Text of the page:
The Three Findings of John the Baptist’s Head

On August 29 the Church commemorates the beheading of St, John the Baptist, the precursor of the Lord and he who first identified the Messiah to the world. But what became of the head of John the Baptist after his death?  Our tradition has many stories about the post-mortem adventures of St. John’s head. There […]

Source: The Three Findings of John the Baptist’s Head

Anointing of the Sick: A Sacrament of Faith, Healing, and Peace

We live in a society where there is a great fear of illness and suffering, as demonstrated by the response to the coronavirus and the legalization of assisted suicide in some states. One way to lessen this fear among Catholics is to make them more aware that there is a sacrament that can provide graces […]

Source: Anointing of the Sick: A Sacrament of Faith, Healing, and Peace

Accountability: Servant-Leadership in Sales

The Acronym Model of SERVANT-Leadership Slide Summary - On the Right the Acronym is spelled out as Selfless Empathetic Resolute Virtuous Authentic Nonpartisan and Thorough

It really ticks me off when people describe servant-leadership as “soft management”. This misconception often leads to the fear of poor accountability. So, when an executive recently described their need to build greater accountability in their sales department, I took the opportunity to frame an example through the lens of servant-leadership.

Explain Why Accountability Matters

A chalkboard with the words I Have Excuses, where excuses is Crossed Out and Beneath it is written in larger text RESULTS

Often, poor accountability stems from a lack of clarity on why it is important. Make sure your leadership and sales team understand why accountability is important for your company. These may include…

  1. Trust: If there is commitment to an objective and the consequences are the same whether that objective is hit or missed, trust is damaged.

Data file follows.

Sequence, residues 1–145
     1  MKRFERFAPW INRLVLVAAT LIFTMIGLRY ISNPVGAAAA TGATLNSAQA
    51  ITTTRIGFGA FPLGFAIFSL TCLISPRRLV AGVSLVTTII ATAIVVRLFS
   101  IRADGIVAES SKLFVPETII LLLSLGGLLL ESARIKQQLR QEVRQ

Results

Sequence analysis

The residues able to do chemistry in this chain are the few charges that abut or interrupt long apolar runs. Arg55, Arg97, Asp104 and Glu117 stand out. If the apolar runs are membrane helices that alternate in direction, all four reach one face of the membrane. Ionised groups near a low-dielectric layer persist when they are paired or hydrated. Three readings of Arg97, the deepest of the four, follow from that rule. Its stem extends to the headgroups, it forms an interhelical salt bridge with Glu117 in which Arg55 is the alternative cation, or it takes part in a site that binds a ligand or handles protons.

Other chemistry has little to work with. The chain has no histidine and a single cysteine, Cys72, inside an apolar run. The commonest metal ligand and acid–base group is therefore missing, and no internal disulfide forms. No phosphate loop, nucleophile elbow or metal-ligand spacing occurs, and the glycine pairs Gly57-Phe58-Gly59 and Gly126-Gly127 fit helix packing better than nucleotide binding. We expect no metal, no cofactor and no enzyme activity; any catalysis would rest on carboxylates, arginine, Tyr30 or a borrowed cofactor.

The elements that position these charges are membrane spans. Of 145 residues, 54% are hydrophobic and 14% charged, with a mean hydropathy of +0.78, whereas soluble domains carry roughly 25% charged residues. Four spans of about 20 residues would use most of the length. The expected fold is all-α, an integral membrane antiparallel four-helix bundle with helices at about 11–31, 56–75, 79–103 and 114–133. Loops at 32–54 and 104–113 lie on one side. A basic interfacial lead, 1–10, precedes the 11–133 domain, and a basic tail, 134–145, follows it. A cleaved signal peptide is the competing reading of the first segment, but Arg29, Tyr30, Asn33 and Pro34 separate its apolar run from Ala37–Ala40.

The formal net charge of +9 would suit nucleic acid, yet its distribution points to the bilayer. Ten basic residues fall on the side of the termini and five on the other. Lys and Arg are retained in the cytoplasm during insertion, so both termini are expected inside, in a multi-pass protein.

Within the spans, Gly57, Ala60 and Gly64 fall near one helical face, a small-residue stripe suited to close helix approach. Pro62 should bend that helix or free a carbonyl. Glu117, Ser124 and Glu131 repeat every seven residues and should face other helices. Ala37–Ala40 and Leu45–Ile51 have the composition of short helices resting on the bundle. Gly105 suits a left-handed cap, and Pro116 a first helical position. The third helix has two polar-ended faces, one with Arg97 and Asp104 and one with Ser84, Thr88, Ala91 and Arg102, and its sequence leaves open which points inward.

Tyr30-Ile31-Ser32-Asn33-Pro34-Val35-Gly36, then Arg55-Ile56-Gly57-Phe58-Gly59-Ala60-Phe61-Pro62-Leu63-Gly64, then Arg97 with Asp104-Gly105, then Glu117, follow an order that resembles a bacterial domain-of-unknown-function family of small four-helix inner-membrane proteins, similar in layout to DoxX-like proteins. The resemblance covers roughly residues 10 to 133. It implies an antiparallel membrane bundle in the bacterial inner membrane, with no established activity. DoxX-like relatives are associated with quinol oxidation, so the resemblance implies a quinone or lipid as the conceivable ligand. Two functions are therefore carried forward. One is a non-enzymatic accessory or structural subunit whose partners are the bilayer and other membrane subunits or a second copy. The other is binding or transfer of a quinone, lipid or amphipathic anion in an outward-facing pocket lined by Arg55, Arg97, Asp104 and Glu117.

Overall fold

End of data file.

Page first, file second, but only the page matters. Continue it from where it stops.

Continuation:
2. Dependencies: Company resources are often allocated according to sales expectations. When expectations are missed, it hurts other departments, which impairs overall business.
  3. Culture: If some are held accountable, while others are not, you culture is, at best, inconsistent. Likely, your best people will leave.

Developing Accountability in Sales

As you seek to establish greater accountability with your sales team, consider taking these actions…

  1. Model It: Lead by example. Hold yourself accountable and share your own missteps and failings. Vulnerability enables the team to see nobody is beyond accountability.
  2. Hire Right: Don’t hire someone you’re uncertain is the right fit. Don’t hire someone until you absolutely require the full-time employee. This reduces the likelihood of terminations.
  3. Set Expectations: Before they join your company or move into the role, make expectations clear. Include the team in the goal setting process. This fosters commitment from the team.
  4. Hold Skip-Levels: Team members should meet regularly not only with their direct supervisor, but with a supervisor one level above their boss, as well. This reinforces commitments and alignment.
  5. Check-in Frequently: Leverage regular meetings on progress toward goals. Utilize tracking tools that require hard numbers and definitive data. This empowers difficult conversations.
  6. Request Needs: Ensure the team is regularly provided the opportunity to ask for help. If they’re falling short, it should never be because they did not have a chance to seek support.
  7. Praise Over Punishment: Accountability does not require being an ass when someone misses their goal. In general, invest in praising those hitting their goals more than in reprimanding those who missed.